Bladen County election workers tallied the results of early voting before Election Day in violation of state rules and are accused of allowing outsiders to view them, a precinct worker wrote in an affidavit released by state Democrats. The allegations raise new questions about missteps in an election fraud case in North Carolina’s 9th Congressional District race that has garnered national attention and held up certification of the U.S. House contest. The report showing totals from Bladen County’s only early voting location was run on Saturday, Nov. 3, 2018 from 1:44 p.m. to 1:46 p.m., according to a copy released by the State Board of Elections and Ethics Enforcement, which is investigating voting irregularities among mail-in absentee ballots in Bladen and Robeson counties. Due to the investigation, the board has refused to certify the results of the election between Republican Mark Harris and Democrat Dan McCready. The board plans to hold an evidentiary hearing before Dec. 21, but no date or location has been announced.
Under North Carolina election law, “if one-stop ballots … are counted electronically, that count shall commence at the time the polls close.” Polls closed in North Carolina on Nov. 6 at 7:30 p.m. “One-stop voting,” which is what early voting is called in North Carolina, ended on Nov. 3, according to the state board. A 2016 memo from the state board reinforced those policies.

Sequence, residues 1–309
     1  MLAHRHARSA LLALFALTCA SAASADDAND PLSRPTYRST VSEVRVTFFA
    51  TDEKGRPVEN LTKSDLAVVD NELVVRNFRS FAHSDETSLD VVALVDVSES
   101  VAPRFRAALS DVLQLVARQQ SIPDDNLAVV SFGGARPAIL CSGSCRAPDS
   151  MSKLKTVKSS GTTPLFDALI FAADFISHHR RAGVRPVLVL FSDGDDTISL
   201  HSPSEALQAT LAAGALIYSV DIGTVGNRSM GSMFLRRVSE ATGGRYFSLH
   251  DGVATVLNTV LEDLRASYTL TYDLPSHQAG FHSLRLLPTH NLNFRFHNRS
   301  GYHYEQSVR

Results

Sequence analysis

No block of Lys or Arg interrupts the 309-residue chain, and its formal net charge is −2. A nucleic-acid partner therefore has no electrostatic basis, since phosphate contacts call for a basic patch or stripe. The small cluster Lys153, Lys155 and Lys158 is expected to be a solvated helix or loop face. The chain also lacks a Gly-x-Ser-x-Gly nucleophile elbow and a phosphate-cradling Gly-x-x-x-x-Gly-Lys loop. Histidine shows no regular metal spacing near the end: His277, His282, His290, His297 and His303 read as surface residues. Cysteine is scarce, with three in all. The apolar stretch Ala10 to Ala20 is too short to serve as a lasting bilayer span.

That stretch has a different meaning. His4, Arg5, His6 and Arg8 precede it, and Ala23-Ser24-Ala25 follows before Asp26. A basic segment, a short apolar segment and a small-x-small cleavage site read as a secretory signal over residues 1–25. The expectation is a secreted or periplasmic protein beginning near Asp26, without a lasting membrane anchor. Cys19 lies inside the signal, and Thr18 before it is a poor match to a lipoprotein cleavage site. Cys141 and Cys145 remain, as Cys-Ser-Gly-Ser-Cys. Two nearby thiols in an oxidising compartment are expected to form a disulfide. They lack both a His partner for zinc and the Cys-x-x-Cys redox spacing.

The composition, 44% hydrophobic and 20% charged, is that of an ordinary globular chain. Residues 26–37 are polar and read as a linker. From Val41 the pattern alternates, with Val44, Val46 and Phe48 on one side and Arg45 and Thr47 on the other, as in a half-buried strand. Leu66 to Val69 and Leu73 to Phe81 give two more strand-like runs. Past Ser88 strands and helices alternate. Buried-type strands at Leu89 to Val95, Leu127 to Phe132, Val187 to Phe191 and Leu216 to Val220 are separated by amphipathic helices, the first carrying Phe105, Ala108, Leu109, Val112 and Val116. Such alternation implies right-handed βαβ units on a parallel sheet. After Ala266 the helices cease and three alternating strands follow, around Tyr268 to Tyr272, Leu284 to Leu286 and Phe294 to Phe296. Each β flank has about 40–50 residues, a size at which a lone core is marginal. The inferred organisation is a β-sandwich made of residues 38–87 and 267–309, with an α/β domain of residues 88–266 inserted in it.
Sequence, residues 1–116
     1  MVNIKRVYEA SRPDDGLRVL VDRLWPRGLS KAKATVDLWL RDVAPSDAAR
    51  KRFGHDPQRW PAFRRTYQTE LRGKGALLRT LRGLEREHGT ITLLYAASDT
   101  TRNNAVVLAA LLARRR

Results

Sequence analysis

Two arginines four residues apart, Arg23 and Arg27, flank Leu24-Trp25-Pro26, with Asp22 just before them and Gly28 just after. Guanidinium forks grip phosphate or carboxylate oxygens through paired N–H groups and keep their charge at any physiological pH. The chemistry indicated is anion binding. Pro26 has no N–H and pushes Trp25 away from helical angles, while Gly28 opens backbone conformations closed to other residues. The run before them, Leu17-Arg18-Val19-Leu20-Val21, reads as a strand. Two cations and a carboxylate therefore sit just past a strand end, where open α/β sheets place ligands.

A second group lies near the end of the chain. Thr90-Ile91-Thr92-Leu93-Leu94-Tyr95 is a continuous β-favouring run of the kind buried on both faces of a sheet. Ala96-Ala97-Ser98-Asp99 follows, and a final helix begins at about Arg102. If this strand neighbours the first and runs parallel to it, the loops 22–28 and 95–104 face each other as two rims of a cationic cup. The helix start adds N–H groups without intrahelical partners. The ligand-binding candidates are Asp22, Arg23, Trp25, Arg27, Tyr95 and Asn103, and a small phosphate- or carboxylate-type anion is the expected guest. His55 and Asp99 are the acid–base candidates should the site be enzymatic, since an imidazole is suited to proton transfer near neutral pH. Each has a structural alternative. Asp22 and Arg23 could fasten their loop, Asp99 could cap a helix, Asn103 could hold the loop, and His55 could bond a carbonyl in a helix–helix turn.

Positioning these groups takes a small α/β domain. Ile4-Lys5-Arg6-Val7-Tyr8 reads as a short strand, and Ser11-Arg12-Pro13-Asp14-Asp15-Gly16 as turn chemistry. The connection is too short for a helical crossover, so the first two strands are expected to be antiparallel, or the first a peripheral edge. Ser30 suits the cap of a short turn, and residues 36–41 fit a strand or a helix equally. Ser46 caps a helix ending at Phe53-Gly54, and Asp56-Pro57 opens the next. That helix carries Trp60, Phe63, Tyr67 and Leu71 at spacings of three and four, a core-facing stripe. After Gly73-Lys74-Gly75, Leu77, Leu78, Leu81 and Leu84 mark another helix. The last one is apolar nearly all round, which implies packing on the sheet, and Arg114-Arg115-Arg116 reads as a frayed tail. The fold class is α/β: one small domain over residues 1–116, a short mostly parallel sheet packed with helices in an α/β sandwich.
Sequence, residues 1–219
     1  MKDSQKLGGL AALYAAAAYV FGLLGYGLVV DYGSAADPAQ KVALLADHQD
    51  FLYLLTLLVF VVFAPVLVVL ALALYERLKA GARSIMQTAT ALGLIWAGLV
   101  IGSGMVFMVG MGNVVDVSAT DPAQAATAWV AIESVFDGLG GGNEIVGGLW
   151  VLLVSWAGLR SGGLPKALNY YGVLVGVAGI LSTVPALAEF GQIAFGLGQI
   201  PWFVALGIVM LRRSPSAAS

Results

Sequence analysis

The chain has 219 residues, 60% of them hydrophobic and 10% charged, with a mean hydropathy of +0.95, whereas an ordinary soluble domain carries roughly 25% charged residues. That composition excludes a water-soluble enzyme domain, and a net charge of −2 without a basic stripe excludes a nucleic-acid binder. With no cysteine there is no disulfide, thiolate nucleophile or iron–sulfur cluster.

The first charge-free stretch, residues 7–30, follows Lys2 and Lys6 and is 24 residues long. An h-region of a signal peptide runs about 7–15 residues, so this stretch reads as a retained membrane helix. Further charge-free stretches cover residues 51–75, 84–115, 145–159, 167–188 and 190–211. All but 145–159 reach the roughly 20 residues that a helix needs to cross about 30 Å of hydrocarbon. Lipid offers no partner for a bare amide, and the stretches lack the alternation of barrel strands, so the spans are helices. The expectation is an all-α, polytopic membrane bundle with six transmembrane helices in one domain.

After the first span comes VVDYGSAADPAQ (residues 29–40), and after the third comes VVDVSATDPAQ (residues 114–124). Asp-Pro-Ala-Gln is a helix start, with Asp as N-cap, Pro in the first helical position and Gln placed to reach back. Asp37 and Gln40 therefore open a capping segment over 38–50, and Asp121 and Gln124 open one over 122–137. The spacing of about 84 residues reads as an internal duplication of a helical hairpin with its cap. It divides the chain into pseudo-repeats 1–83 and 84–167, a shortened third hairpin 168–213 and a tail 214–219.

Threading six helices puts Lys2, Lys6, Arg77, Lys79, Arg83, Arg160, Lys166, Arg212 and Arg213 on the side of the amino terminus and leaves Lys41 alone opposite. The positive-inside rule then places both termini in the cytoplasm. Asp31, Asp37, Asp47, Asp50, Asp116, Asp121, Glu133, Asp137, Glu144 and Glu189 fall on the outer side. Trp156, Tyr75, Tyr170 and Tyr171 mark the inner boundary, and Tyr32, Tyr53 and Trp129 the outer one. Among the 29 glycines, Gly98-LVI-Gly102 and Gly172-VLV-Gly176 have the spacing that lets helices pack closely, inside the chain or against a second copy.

“Recent events have highlighted the need to ensure that the critical responsibilities of canvassing an election are as uniform across the state as our polling place procedures, wrote Kim Strach, the executive director of the state board to county boards of elections in a June 7, 2016 memo.
A section of the nine-page memo is headlined: “Counting of Absentee Ballots on Election Day.”
But the procedures laid out in the memo were not followed in Bladen County in 2018, according to documents released by the state board and an affidavit signed by a precinct worker.